Vampire Apotropaics Part 4: Die Vampire Die

We all want vampires dead, but what to do when it’s the middle of night and there are no stakes nearby? Why, reach for a sock, of course.

By far the most common method to off a vampire is with a stake. Van Helsing uses it, why shouldn’t you? However, you don’t always have to chop up grandma’s antique chair. A needle also works. Romanians believe (present tense, mind you) that a needle inserted into the navel will kill a vampire. Why the navel? That’s where the second heart lies. It has to have a second one, because the first one went kaput when the person died. The second heart is what keeps the vampire alive after death.

Vampire blood was so evil that any person who came in contact with it would become insane. Therefore during staking, an animal hide was placed over the body. Vampires were seen as squishy blood balloons, so this form of protection helped minimize splatter.

Click on the picture to bring up the YouTube clip.

Steven Weber (playing Jonathan Harker) could have used a bib in Mel Brooks’s “Dracula Dead and Loving It.” Click on the picture to bring up the YouTube clip.

A consecrated bullet would kill a vampire, but not in the way you think. Shoot it through the coffin. One reason for this might be that it spoiled the coffin and gave the vampire no place to rest. A version of this can be seen in Coppola’s Bram Stoker’s Dracula where they ruin the vampire’s coffin but placing holy wafers in the dirt. The idea that sunlight can kill vampires is an invention of film. In Poland and Prussia, the creatures can hunt the living from noon till midnight. Even Bram Stoker’s Dracula could function in daylight.

1943 Son of Dracula played by Lon Chaney Jr. just before sunlight strikes him.

1943 Son of Dracula played by Lon Chaney Jr. just before sunlight strikes him.

The first film to have a vampire to die by sunlight is Son of Dracula with Lon Chaney Jr. as the vampire. The rays of dawn strike his body and he fades from sight. A few months later, Return of the Vampire showed Bela Lugosi (playing a vampire called Armand Tesla) succumb to sunlight. Though this isn’t really fair, as he was simultaneously being staked by his werewolf servant. The film did depict the first image of a vampire melting in the sun.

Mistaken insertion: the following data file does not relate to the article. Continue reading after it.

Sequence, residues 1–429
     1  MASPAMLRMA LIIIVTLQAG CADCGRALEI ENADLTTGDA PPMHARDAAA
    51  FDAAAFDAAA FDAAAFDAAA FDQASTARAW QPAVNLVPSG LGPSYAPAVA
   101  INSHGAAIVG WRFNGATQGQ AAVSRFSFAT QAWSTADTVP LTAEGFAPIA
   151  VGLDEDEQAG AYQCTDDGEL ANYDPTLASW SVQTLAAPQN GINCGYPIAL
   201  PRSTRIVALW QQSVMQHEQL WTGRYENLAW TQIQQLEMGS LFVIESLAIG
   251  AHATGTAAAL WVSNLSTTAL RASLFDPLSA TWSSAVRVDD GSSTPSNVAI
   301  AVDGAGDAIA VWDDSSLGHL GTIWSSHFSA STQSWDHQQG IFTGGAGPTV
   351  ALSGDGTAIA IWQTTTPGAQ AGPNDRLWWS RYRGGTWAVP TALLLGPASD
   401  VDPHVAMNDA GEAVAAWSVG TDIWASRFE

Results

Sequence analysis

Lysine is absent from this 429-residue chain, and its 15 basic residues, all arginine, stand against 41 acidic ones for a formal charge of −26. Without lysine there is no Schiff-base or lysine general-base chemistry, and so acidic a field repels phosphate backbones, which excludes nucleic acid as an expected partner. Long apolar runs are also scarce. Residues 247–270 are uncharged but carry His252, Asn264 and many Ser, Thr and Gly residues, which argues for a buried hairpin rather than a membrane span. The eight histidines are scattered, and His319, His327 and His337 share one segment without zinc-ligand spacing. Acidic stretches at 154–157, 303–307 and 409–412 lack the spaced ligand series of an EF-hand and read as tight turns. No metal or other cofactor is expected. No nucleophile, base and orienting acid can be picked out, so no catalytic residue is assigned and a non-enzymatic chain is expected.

The first face melting of a vampire in sunlight (or from staking, who's to say).

The first face melting of a vampire in sunlight (or from staking, who’s to say).

If you suspected that your kin were a vampire the solution was simple. Dig up the body, dismember, burn to a crisp and drink the ashes. A pretty hefty cure if you ask me. Boiling oil was another method to destroy the undead.

Vampires were considered terribly OCD (counting knots or grains of rice). The final method of demise plays off this weakness. Steal the vampire’s left sock (I’m assuming this is the evil one with the Latin name for left being sinister). Then fill it with rocks and toss it into a river or other running water. The creature will go after it (possibly crying, “Who took my sock.”) and the moving water will be its downfall. Moving water was long believe to destroy vampires.

That’s it. Now you know all there is about how keep vampires out. If, however you’re yearning for a midnight nibbling, you know not to take the guy’s sock. He needs that.

Tim Kane

5000 Year Old Sunlight (Plus 8 Minutes)

I don’t often expound about science, but this latest bit of trivial has sent my mind in spirals. I recently bought the book Solar System: A Visual Exploration of All the Planets, Moons and Other Heavenly Bodies that Orbit Our Sun by Marcus Chown. I had previously read The Elements by Theodore Gray and loved the format.

Then I read about sunlight. It seems that the actual light part of the phenomenon occurs at the core, where the pressure of billions of Hydrogen atoms create immense heat. Then two Hydrogen atoms collide to create light.

We all know that light travels, well, at the speed of light. I recall the standard eight minute number as the time it takes light to reach the Earth. Not so. Apparently sunlight has to escape the sun first, and this means barreling through lots of other Hydrogen atoms surrounding it (it was formed at the core, remember).

It’s like a bizarre game of football, except the endzone  is about 600,000 kilometers away and there are about a billion defensive linemen smashing into you. With no time outs. Luckily once light is created it never fades or loses energy, so it keeps going, bouncing from atom to atom for 5000 years. Yes, you heard that right. Five thousand. (Okay another site said it was 100,000 years, but no one’s slapped a stopwatch to a photon of light.)

That means, that the sunlight you feel today was created 5000 years ago (plus the 8 minutes it took to travel from the sun through space to Earth).

Okay, if that’s not weird enough, how about taking a picture of the sun through the Earth. That’s right pilgrims, it is possible. You see light isn’t the only think our big ball of fire spews out on a daily basis. It also shoots out these tiny particles called neutrinos. These guys are so small that nothing affects them. They’re like ghosts, zooming through solid lead faster than I can consume a Krispy Kreme doughnut.

At any given second, 100 million million neutrinos are zipping through your thumb. Every once in a while these tiny atomic specks do strike an atom dead on. This can create a tiny zap of light. Don’t go looking for it. You’d need total darkness and a super fine camera to see it. Turns out the Japanese have built said neutrino camera. (What haven’t they built?)

Over a period of 503.8 days and nights, the Super-Kamiokande in Japan took this picture. This is what the sun looks like using only Neutrino particles. And, it’s shot through the Earth. Crazy.

No amount of sunblock will work against that. Just throw in the towel and admit that the universe has stranger things than we could ever imagine.

Tim Kane